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There are figurative artists who represent the emotional state of the subject with bodily imperfections, disturbing us with just how real our human bodies can be. The artist, seeking to imbue their deeper understanding of the human condition and form, waves every hair follicle or pucker of skin like a flag of this dramatic realism.

JENNY MORGAN is not that artist. Morgan’s interest goes beyond the physicality of human skin, fat and bone. She grapples with the metaphysical and provides a visual testimony of the spirit and the ghost.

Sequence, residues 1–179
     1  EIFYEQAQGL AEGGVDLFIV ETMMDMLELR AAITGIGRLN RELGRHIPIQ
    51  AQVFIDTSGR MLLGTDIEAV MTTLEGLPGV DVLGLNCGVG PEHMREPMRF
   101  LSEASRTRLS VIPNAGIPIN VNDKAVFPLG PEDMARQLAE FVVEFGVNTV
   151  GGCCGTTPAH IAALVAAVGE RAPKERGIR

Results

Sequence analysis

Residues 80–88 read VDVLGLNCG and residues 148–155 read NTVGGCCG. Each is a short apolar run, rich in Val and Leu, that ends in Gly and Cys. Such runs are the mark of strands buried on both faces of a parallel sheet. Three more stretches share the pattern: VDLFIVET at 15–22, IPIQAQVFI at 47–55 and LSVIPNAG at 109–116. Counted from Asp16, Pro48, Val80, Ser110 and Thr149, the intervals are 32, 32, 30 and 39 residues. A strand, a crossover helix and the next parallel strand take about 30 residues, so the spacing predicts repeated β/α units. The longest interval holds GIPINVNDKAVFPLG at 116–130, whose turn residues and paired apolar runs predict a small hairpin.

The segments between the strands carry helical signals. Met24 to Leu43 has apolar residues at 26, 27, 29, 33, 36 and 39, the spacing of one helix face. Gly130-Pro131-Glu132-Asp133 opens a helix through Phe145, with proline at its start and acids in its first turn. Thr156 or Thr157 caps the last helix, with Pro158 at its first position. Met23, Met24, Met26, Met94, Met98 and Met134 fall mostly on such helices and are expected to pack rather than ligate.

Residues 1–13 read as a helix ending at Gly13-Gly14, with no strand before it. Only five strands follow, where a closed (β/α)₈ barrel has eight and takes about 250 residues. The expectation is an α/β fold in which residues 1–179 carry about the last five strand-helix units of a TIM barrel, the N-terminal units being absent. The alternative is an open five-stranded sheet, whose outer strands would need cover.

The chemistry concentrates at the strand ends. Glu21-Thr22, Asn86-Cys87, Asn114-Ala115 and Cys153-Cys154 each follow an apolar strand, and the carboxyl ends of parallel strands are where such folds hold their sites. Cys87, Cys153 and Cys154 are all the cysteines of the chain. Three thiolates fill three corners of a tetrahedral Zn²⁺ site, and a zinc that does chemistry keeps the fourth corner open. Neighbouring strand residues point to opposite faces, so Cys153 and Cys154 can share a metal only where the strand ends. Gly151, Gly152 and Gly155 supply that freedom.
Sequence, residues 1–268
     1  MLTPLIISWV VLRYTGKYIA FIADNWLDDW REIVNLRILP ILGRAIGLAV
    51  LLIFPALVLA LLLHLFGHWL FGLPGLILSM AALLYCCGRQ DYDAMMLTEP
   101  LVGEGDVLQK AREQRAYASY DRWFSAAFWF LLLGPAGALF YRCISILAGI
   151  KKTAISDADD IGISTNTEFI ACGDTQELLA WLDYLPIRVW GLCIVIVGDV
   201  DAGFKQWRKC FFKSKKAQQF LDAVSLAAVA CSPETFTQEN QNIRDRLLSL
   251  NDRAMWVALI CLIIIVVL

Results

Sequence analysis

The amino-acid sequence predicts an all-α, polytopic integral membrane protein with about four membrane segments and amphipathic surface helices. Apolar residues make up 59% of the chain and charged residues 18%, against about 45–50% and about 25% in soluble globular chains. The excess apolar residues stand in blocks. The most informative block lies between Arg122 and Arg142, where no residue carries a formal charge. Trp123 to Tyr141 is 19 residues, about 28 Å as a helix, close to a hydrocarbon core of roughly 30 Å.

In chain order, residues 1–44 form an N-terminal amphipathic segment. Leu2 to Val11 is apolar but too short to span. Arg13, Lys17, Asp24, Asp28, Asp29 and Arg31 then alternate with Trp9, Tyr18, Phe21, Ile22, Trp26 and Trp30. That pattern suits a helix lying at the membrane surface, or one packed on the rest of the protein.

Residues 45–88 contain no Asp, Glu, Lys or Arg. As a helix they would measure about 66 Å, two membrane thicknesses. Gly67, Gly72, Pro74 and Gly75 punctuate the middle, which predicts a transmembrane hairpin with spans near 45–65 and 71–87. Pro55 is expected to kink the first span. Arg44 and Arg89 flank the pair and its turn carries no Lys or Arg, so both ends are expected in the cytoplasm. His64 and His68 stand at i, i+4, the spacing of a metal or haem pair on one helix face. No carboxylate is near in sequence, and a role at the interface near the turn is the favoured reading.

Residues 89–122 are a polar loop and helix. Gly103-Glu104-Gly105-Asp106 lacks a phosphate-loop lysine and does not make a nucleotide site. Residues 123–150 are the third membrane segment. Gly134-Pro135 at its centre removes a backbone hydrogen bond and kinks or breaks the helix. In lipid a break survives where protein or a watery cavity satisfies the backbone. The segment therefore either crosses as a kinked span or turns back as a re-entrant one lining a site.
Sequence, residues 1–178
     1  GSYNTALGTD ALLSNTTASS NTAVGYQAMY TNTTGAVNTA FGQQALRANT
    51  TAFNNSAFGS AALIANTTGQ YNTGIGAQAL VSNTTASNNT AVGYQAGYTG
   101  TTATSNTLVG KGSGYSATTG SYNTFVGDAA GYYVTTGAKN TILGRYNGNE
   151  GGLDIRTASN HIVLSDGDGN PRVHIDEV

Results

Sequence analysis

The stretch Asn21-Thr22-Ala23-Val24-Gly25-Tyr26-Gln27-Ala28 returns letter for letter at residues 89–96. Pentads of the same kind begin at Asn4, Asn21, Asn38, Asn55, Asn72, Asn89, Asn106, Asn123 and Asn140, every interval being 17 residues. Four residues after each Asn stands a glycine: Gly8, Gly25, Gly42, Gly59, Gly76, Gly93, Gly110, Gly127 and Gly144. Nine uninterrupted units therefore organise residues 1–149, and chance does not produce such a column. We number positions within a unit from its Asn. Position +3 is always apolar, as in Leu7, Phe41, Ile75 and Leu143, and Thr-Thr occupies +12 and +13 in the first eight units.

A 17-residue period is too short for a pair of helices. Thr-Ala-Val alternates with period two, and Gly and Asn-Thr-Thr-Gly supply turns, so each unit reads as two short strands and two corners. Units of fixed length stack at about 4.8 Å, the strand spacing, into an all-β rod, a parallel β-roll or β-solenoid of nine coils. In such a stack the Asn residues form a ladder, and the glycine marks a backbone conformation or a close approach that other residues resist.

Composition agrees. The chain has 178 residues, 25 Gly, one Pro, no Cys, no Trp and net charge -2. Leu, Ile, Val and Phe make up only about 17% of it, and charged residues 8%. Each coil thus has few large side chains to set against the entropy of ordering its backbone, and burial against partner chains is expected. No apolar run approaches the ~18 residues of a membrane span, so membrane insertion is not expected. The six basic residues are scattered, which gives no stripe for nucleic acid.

Morgan presents us with angelically immaculate figures reminiscent of those painted by the old masters; her portraits are executed with the technique of a classically trained hand. Areas of the body are then identified, emphasized and abstracted through sanding, blurring and use of color. It is as though Morgan performs a process of titration, providing us with proof of the ethereal.

Morgan paints someone when she feels there is a mystery to discover. During this exploration, an intimacy with the subject is achieved and their mysticality is brought to light. Perhaps this is why there is a saintly quality about them; she has depicted her subject in a moment of truth. She has brought the figure and the portrait past an emotional and corporeal state, and it has arrived in limbo between earth and the celestial sphere. They are still, with peaceful understanding, as if a momentary enlightenment has been achieved, and Morgan has found it.

Read the full interview at Riot of Perfume

– Tanya Merrill